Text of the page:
Every morning, millions of people all over the world begin their morning routine with a daily dose of stimulating coffee. But did you know that a tiny beetle that’s only slightly larger than the tip of your pencil is becoming a major threat to your daily dose of go-juice? The coffee berry borer, Hypothenemus hampei, is a unique member of the beetle family, capable of ignoring the inherently toxic nature of caffeine that usually dissuades less resilient insects. And just what is the secret weapon of the coffee berry borer that allows it to munch its way through the coffee bean and deprive us of our brain juice? Only a highly specialized bacterial microbiome in its digestive system.
As Ed Yong reported recently in his infamous blog “Not Quite Rocket Science”, these beetles are responsible for upwards of $300 million in losses every year just in Brazil alone! That is a lot of Starbuck grande.
Elsewhere in the news, you might have noticed the increased attention being drawn toward our microscopic, secret overlor–I mean, symbiotic, bacterial biome. Our microbiome sustains us and nourishes us and can also occasionally kill us if the colony balance tips too far to one side. As we’re continuing to discover, bacteria colonize every portion of every portion of life on our planet. They’re responsible for everything from setting our circadian rhythms to possibly being the real culprit responsible for our BMI.
Enter Javier A. Ceja-Navarro, from the Lawrence Berkeley National Laboratory, who thought that maybe the bacteria inside the coffee berry borer was really to blame for its digestive abilities and our troubles. Ceja-Navarro collected and raised H. hampei from seven different locations around the world as well as a laboratory raised control. The first proof that the bacteria were at work was that Ceja-Navarro was unable to detect any caffeine in the feces of H. hampei raised on coffee beans, as opposed to other varieties of related bark beetles which are incapable of subsisting on coffee beans. Ceja-Navarro and crew then sequenced and identified 12 different species of bacteria from the digestive system of H. hampei, although the exact ratios and species differed from location to location.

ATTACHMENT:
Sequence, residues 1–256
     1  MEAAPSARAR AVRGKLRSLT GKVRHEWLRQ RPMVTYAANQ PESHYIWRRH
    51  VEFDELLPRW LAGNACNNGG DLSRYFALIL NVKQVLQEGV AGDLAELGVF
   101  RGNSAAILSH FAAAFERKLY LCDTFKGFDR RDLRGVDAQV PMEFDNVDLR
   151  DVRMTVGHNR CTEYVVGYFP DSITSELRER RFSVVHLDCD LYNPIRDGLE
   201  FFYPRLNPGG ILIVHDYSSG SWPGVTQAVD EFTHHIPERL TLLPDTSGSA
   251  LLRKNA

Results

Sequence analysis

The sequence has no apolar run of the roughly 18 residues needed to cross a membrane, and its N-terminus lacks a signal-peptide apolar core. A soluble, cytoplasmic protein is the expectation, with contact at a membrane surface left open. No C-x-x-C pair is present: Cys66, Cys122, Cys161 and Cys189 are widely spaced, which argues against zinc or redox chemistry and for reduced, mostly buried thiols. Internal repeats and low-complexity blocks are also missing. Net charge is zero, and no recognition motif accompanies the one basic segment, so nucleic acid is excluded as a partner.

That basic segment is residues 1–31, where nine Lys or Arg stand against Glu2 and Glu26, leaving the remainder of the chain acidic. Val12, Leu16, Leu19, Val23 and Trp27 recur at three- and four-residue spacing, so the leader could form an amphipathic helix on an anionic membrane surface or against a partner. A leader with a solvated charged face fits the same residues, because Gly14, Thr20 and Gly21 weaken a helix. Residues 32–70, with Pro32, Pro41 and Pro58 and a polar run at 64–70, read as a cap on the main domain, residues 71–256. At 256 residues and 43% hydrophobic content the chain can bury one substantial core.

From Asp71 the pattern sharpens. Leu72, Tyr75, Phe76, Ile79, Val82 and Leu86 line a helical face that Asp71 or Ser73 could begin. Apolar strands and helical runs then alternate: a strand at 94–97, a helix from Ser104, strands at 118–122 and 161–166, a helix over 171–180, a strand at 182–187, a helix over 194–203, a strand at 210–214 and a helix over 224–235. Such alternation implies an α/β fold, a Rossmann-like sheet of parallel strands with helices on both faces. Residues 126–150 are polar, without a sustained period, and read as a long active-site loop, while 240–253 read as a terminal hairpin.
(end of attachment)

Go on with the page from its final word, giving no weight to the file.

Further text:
The dominant bacteria found in all H. hampei from every location was Pseudomonadales fulva. Incidentally, P fulva houses the ndmA gene, which codes for the alpha subunit of caffeine demethylase, and was obviously the culprit that allows H. hampei to cut in on our daily java line. But to prove it, Ceja-Navarro treated the beetles with a mix of antibiotics such as tetracycline, rifampicin and streptomycin to completely wipe out the gut microbiome and showed that the beetles failed to process the caffeine or breed effectively and even the larvae that did hatch failed to make it adulthood. He then replaced P. fulva back into the beetle’s system and showed that they were once again able to survive, although without the full lineup of other bacteria, the H. hampei were still unable to molt or breed successfully.
I am utterly fascinated by the continued advancement in knowledge of the microbiota on our planet! This research is not a blanket excuse to start carpet spraying antibiotics all over our coffee bean fields. We are already losing the antibiotic resistance war and there is absolutely no justification to continue throwing more at that failure of a front. But with each “small” advancement and observation by scientists such as Ceja-Navarro, we become more aware of the microscopic world around us, what it does, how it does it and how we can utilize that knowledge for our benefit instead of just destroying it with an antibiotic nuclear strike. And maybe, in the not too distant future–just maybe, we can all just sit back and finally enjoy that steaming, hot cup of joe.
Ceja-Navarro, J. A., Vega, F.E., Karaoz, U., Hao, Z., Jenkins, S., Lim, H. C., … Northern, T. R., & Brodie, E. L. (2015). Gut microbiota mediate caffeine detoxification in the primary insect pest of coffee. Nature Communications 6.
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